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Psychiatr Serv. 2018 Feb 1;69(2):136-146. doi: 10.1176/ Epub 2017 Oct 2.

Communication Strategies to Counter Stigma and Improve Mental Illness and Substance Use Disorder Policy.

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Dr. McGinty and Dr. Barry are with the Department of Health Policy and Management, where Dr. Kennedy-Hendricks is affiliated, and with the Department of Mental Health, Johns Hopkins Bloomberg School of Public Health, Baltimore. Dr. Pescosolido is with the Department of Sociology, Indiana University, Bloomington.


Despite the high burden and poor rates of treatment associated with mental illness and substance use disorders, public support for allocating resources to improving treatment for these disorders is low. A growing body of research suggests that effective policy communication strategies can increase public support for policies benefiting people with these conditions. In October 2015, the Center for Mental Health and Addiction Policy Research at Johns Hopkins University convened an expert forum to identify what is currently known about the effectiveness of such policy communication strategies and produce recommendations for future research. One of the key conclusions of the forum was that communication strategies using personal narratives to engage audiences have the potential to increase public support for policies benefiting persons with mental illness or substance use disorders. Specifically, narratives combining personal stories with depictions of structural barriers to mental illness and substance use disorder treatment can increase the public's willingness to invest in the treatment system. Depictions of mental illness and violence significantly increase public stigma toward people with mental illness and are no more effective in increasing willingness to invest in mental health services than nonstigmatizing messages about structural barriers to treatment. Future research should prioritize development and evaluation of communication strategies to increase public support for evidence-based substance use disorder policies, including harm reduction policies-such as needle exchange programs-and policies expanding treatment.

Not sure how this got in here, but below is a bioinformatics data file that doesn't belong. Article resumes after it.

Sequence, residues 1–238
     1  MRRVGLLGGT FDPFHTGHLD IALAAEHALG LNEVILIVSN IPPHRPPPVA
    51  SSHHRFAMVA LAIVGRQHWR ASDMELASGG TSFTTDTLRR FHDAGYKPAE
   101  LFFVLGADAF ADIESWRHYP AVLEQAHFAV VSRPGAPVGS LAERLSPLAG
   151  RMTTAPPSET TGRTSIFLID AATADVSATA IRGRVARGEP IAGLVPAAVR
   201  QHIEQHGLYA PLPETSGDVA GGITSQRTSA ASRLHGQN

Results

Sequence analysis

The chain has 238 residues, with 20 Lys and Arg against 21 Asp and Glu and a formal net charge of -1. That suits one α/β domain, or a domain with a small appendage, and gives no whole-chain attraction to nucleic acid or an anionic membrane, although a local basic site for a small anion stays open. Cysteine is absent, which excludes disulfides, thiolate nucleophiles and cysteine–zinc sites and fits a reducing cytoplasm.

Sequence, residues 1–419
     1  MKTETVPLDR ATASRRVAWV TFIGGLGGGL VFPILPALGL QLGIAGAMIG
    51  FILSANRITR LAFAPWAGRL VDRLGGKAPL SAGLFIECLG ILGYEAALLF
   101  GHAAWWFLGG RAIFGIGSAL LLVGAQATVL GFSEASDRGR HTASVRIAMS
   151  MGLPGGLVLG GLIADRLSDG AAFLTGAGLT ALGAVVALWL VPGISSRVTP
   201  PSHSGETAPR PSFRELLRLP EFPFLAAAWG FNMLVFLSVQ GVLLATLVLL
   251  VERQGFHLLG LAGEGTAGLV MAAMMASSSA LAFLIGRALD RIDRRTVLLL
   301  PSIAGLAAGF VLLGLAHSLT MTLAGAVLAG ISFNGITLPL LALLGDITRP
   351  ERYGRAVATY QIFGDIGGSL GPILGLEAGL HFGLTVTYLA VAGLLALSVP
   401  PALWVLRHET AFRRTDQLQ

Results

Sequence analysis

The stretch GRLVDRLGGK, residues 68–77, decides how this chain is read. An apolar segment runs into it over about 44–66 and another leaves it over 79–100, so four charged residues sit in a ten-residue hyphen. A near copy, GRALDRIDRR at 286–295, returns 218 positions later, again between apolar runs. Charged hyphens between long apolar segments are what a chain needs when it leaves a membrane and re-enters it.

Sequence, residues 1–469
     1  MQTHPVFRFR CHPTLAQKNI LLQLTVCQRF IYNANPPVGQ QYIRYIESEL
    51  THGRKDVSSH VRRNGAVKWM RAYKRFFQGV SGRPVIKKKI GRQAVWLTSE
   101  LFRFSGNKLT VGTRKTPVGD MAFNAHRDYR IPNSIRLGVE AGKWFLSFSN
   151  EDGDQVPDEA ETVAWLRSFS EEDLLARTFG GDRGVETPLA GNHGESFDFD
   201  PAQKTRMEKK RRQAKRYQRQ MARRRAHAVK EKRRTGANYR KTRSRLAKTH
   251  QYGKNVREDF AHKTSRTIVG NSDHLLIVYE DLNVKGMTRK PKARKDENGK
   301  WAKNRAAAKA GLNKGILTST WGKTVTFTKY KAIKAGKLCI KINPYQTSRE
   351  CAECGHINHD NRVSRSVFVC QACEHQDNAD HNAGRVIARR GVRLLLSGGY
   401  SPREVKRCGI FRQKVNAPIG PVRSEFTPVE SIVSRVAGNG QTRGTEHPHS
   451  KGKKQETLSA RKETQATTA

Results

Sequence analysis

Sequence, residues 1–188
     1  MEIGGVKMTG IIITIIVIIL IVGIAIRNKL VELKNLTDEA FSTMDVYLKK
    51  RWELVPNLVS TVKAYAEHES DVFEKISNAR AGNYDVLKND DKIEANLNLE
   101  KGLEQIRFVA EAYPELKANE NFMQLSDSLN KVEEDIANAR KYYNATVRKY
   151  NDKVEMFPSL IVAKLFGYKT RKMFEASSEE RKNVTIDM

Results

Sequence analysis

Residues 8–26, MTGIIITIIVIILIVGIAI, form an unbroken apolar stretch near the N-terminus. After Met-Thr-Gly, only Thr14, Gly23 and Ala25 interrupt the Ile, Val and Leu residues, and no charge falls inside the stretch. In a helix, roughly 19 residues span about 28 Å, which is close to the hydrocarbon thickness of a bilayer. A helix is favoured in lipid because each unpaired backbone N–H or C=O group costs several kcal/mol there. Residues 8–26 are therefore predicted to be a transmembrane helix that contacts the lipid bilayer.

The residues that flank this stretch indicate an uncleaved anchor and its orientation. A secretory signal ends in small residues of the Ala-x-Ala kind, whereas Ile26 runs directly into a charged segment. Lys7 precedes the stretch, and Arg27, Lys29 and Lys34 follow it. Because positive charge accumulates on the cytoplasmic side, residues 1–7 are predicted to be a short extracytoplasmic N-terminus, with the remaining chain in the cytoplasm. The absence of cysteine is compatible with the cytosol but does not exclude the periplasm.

Public attitudes about the mentally ill; Public policy issues; stigma

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